from the hydroelectric-for-those-who-won't-give-a-dam dept.
Julie188 writes "Slow-moving ocean and river currents could be a new, reliable and affordable alternative energy source. A University of Michigan engineer, Michael Bernitsas, has made a machine that works like a fish to turn potentially destructive vibrations in fluid flows into clean, renewable power. This is is the first known device that could harness energy from most of the water currents around the globe because it works in flows moving slower than 2 knots (about 2.3 miles per hour). Most of the Earth's currents are slower than 3 knots. Turbines and water mills need an average of 5 or 6 knots to operate efficiently. Further details and a few brief movies of the technology are available, as well as a video explanation by Professor Bernitsas himself."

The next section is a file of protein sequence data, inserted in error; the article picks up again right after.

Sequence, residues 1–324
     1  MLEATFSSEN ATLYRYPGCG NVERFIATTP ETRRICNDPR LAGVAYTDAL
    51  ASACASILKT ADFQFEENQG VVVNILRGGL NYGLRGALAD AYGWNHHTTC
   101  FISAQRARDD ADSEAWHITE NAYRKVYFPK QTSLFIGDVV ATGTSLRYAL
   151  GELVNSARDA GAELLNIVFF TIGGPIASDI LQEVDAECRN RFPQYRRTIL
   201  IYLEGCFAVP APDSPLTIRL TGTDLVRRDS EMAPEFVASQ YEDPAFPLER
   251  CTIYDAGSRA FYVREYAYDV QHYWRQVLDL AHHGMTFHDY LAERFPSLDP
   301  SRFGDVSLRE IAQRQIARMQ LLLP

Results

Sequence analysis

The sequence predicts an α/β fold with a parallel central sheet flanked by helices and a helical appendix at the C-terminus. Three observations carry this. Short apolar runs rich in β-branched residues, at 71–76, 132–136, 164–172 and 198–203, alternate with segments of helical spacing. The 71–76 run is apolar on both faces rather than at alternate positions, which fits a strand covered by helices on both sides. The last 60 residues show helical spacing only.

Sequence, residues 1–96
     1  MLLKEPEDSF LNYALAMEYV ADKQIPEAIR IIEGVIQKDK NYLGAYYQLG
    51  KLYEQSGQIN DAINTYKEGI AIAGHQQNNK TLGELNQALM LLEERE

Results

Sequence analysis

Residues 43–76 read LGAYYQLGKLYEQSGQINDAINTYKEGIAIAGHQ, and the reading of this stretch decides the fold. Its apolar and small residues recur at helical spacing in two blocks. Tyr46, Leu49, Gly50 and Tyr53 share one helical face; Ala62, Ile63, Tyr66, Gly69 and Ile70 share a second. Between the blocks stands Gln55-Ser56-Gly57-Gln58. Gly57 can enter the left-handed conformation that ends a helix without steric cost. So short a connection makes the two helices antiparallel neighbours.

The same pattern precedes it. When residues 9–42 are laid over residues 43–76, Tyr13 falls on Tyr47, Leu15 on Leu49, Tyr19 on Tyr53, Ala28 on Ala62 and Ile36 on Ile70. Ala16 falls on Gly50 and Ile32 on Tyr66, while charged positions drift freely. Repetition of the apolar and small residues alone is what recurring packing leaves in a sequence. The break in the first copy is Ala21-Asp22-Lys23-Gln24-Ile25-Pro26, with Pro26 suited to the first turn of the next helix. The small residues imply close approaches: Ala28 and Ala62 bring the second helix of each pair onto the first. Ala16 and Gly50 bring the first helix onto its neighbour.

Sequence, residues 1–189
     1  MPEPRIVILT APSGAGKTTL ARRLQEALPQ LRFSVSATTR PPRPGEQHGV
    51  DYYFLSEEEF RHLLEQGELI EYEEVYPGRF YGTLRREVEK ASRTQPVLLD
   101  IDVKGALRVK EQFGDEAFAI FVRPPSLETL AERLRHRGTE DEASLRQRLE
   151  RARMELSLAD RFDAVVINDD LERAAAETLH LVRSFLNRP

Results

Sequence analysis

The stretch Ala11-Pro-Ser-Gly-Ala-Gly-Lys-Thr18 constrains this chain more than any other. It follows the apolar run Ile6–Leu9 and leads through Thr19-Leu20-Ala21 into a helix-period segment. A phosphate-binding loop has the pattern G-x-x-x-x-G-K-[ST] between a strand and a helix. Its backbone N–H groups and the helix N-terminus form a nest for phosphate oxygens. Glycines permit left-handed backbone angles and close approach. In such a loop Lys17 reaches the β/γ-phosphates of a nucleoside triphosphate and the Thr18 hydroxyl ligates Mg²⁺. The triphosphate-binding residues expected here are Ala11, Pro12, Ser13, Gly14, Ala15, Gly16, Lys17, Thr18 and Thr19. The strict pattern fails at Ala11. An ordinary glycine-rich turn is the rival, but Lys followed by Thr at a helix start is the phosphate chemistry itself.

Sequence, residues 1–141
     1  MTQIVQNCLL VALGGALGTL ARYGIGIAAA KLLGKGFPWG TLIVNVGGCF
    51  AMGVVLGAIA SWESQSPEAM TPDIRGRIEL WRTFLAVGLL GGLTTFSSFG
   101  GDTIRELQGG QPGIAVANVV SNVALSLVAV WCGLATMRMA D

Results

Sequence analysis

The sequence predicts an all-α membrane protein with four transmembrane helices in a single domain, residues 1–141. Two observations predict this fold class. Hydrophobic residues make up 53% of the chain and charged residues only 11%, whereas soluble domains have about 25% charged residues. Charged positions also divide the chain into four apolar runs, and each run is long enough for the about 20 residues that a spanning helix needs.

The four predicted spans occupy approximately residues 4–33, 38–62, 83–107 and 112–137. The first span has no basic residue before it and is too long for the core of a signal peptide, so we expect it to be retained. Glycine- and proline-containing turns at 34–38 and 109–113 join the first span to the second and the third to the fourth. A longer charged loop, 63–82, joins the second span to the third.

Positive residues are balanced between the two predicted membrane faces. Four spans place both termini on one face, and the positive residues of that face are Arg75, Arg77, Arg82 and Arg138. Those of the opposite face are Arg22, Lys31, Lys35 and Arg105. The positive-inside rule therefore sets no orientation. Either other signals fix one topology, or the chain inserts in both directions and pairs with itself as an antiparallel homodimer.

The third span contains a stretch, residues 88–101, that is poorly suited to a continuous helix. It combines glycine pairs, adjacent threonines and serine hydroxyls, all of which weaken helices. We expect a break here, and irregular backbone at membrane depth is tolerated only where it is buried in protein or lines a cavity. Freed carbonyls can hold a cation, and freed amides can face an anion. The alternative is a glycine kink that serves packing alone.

Real programmers don't bring brown-bag lunches. If the vending machine
doesn't sell it, they don't eat it. Vending machines don't sell quiche.